A Tokyo firm is working on a unique project that hopes to rejuvenate the local economy of Kagoshima Prefecture, southwestern Japan. By aging wine in an undersea cellar off Amami-Oshima Island, the company believes it can create a new source of income for the region.
The process of aging wine underwater is widely practiced around the world, as submerged conditions provide ideal conditions for wine to mature gracefully. However, this practice is rare in Japan, according to Yui Moritani, president of a public relations firm in Tokyo that started the project. In late January, around 500 bottles of European wine were submerged in the Oshima Strait off Setouchi, Kagoshima Prefecture, at a depth of about 20 meters. The company also opened a restaurant serving wine in the town in November with plans for the submerged bottles to be served to customers in July.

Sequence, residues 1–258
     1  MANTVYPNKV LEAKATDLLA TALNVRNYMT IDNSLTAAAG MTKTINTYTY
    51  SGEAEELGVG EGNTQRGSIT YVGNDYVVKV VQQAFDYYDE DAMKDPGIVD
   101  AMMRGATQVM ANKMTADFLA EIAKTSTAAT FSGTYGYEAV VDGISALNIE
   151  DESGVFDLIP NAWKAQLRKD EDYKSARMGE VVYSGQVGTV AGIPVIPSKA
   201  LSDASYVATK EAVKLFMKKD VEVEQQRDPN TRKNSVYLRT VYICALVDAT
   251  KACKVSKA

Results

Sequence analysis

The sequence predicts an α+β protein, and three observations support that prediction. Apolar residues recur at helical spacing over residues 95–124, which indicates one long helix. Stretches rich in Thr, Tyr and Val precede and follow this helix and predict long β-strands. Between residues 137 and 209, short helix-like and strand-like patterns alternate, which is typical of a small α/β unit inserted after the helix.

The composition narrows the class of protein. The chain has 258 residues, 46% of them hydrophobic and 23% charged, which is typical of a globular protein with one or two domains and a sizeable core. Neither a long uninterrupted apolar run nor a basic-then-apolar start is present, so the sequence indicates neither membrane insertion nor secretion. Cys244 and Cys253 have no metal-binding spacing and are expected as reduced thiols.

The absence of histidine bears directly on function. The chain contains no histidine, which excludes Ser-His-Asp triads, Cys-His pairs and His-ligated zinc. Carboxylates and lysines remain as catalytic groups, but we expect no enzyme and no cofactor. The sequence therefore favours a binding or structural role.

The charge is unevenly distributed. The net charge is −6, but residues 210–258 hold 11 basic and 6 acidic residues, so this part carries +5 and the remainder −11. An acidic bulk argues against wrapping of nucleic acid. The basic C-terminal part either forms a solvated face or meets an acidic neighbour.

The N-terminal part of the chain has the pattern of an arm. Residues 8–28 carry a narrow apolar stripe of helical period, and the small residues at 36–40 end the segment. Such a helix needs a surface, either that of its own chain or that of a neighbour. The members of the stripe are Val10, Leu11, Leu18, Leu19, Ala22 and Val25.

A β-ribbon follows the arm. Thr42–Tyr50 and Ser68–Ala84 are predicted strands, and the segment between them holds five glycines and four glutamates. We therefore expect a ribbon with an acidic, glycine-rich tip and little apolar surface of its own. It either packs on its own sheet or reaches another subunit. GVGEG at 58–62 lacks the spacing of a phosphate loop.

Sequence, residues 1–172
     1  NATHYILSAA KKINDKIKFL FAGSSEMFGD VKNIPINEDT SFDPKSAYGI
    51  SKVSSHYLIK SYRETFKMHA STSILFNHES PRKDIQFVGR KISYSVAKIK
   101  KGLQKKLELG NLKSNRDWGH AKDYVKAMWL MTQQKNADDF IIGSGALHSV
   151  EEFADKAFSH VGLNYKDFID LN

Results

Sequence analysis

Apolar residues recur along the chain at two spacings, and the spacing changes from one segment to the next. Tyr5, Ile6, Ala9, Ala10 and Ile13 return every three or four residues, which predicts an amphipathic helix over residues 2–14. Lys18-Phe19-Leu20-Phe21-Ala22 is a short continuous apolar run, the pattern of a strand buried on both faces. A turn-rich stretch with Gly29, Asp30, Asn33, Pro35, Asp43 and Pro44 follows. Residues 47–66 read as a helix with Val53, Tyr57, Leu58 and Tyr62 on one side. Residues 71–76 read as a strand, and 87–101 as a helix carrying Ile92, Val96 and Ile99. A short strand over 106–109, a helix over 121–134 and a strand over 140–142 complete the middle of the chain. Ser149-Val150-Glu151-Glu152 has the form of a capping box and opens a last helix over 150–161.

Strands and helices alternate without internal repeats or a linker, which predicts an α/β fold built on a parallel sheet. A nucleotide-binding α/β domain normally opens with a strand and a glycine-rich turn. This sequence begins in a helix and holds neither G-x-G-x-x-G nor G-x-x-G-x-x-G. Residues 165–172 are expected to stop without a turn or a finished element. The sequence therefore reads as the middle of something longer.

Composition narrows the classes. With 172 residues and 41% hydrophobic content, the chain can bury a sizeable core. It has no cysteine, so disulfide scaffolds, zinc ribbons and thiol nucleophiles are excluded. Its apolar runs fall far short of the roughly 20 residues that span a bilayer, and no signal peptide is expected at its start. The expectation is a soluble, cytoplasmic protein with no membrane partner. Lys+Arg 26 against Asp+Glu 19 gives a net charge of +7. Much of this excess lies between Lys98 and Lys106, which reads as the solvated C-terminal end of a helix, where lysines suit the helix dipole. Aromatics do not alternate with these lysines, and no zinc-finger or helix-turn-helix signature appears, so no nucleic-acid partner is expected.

Some bottles will be aged longer to determine the right maturation period for optimal taste. Additionally, the company plans to offer underwater aging services for wine bottles entrusted by customers in the future. Moritani hopes that this project will not only boost the local economy but also have a positive impact on the environment. The underwater wine cellar attracts fish and seaweed while absorbing carbon dioxide.
However, a diver who helped sink the wine bottles noted that the water temperature is warmer than typical aging conditions, which can cause wine to age more rapidly but may pose a challenge during the warmer summer months. Despite this challenge, Moritani remains optimistic about the potential benefits of this unique project.